Star Wars March Madness: Seven Seeds

It is finally March and that means it is time for brackets. All kinds of brackets from College Basketball to dessert toppings and everything in between. With that in mind this blog will be doing a Star Wars authors bracket.

I am taking on the Vince McMahon role for this endeavor. That means I picked the authors who I felt most qualified to be considered. I don’t think I made any huge omissions but some of you may…This is the 32 authors I think have had the most impact on the Star Wars book universe and more importantly have entertained all the Star Wars book readers. They will be broken into four brackets; Luke Skywalker, Darth Vader, Yoda, and Grand Moff Tarkin. The Authors have been seeded  1 through 8 again most due to my own personal judgement while taking into consideration how the authors works are viewed by the readers at large.

With that being said I give you the seventh seed in the Luke Skywalker bracket:

Kathy Tyers

KathyTyers

Kathy Tyers is the author of two Expanded Universe novels, and several short stories that appeared in the short stories collections that were all the rage in the late 1990’s. Now let us take a moment to explain some tournament rules. As a seven seed Tyers will have to win at least one matchup to be invited to future tournaments. We added this rule so that we can rotate in additional authors as new canon books get released and any older EU writers we may have overlooked. This will be a tough task as her seeding gives her a first round matchup with Kevin J Anderson. Live fan voting will take begin Monday March 20th via Facebook and Twitter.

Tyers has grown on me a lot in the past year as I started a EU reread with her first Star Wars novel and forgot that she wrote one of the New Jedi Order series. I also remember her short stories fondly so I thought she deserved a place in the tournament and I think her chances of earning a win are better than many may think. We shall see on that one.

bakura

Her first Star Wars work was The Truce at Bakura and it takes place immediately after the events of Episode 6. So immediately that the rebels are still at Endor. The first time I read this book I remember not liking it much. However, after reading it again I found it more enjoyable.

In timeline placement it takes place around the same time as the new canon entry Aftermath. I think it is immensely fascinating to compare how each timeline is built out and even though Aftermath is heavily scrutinized as an opening to a post Return of the Jedi book it is superior to Bakura.

I think my main problem with this book is it introduces a new alien theat too soon after the destruction of the head of the EMpire. While there are elements of dealing with a post Emperor Empire in this novel; I think that should have been the focus. Instead of a new threat lets see our heroes fully destroy the Galactic Empire. That is why I consider the Aftermath trilogy to be superior. This was the first standalone book of the EU and the fourth book published only being preceded by The Thrawn Trilogy.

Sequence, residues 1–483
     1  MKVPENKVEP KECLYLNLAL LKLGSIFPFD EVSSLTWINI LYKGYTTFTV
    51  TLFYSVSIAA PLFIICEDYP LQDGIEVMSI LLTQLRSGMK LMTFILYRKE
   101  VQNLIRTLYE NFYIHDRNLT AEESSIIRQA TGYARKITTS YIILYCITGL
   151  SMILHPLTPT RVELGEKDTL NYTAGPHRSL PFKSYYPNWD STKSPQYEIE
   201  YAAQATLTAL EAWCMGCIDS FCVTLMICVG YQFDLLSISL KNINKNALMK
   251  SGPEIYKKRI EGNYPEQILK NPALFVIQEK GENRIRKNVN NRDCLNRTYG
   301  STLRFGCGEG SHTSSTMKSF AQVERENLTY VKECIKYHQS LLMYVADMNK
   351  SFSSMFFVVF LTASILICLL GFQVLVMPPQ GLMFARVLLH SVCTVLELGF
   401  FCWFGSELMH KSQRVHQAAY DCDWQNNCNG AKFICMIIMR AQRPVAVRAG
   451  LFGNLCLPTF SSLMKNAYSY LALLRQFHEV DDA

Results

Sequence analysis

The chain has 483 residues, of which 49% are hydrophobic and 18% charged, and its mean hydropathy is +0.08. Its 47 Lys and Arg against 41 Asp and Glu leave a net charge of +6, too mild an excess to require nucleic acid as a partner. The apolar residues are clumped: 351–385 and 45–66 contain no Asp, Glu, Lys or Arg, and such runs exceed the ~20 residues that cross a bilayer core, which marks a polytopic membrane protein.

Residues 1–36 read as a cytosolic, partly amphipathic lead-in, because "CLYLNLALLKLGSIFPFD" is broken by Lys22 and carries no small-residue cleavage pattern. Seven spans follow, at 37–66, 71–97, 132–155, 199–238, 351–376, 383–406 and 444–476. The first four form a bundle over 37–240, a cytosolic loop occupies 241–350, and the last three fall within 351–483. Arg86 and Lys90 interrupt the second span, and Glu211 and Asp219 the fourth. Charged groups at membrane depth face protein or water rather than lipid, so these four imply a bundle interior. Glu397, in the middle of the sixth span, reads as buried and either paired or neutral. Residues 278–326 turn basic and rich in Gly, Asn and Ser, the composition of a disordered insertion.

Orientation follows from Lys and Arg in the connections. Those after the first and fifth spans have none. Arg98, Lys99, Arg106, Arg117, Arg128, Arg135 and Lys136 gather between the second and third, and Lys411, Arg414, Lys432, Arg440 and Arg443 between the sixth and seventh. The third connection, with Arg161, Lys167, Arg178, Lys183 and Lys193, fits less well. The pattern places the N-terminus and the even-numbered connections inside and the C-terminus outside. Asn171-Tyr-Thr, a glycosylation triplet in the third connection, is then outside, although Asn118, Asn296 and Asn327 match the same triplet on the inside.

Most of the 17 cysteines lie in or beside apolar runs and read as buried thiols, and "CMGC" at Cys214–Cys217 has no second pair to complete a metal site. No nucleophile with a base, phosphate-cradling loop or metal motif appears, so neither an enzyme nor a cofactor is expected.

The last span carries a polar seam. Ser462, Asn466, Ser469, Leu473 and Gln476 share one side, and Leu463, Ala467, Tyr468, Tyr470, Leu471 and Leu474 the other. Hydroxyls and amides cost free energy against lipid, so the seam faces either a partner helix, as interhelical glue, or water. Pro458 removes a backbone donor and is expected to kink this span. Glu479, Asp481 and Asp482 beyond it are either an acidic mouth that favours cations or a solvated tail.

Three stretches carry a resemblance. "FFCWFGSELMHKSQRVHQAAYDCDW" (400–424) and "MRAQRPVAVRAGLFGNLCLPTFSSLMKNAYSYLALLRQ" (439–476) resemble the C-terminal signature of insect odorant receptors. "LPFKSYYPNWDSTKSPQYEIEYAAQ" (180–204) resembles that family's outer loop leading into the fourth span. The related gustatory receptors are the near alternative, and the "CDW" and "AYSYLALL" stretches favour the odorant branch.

Her next and final Star Wars novel would be Balance Point. This was the second hardcover in the NJO series. Remember this series was set up so that every fifth or so book would be hardcover and would contain bigger plot points for the overall story. The in-between books would tell the story from less central characters and what not.

The thing that bugs me about this book that while Tyers characters would appear later in the NJO series they are not here. The formula in the later part of the EU publishing history was to have each author use their characters they were most familiar with to move the overall plot along. While this is a fine book I wonder why Tyers wasn’t given the chance to do this. Maybe that is just how the story developed.

I like this book a lot because it deals a lot with moral issues. We see Jacen and Anakin Solo deal with the things they have done and the Jedi/men they are becoming. We see Jania Solo get shot down lose her sight and start to question her role in the Jedi Order, the military, and even her own family. Those are very interesting things to explore. For the most part this novel takes place on one planet so those deeper plot beats become more important as we learn about these Solo offspring. Not having read the Young Adult series this was my first exposure to them and I found them highly entertaining.

While Tyers is not my favorite EU author I do find her work highly entertaining at Bakura grew on me a lot the second time I read it. Especially the beats of Leia struggling with the fact that Darth Vader was her father. The EU needed more beats like that overall.

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The Truce at Bakura (Star Wars)

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Star Wars March Madness: Six Seeds

It is finally March and that means it is time for brackets. All kinds of brackets from College Basketball to dessert toppings and everything in between. With that in mind this blog will be doing a Star Wars authors bracket.

I am taking on the Vince McMahon role for this endeavor. That means I picked the authors who I felt most qualified to be considered. I don’t think I made any huge omissions but some of you may…This is the 32 authors I think have had the most impact on the Star Wars book universe and more importantly have entertained all the Star Wars book readers. They will be broken into four brackets; Luke Skywalker, Darth Vader, Yoda, and Grand Moff Tarkin. The Authors have been seeded  1 through 8 again most due to my own personal judgement while taking into consideration how the authors works are viewed by the readers at large.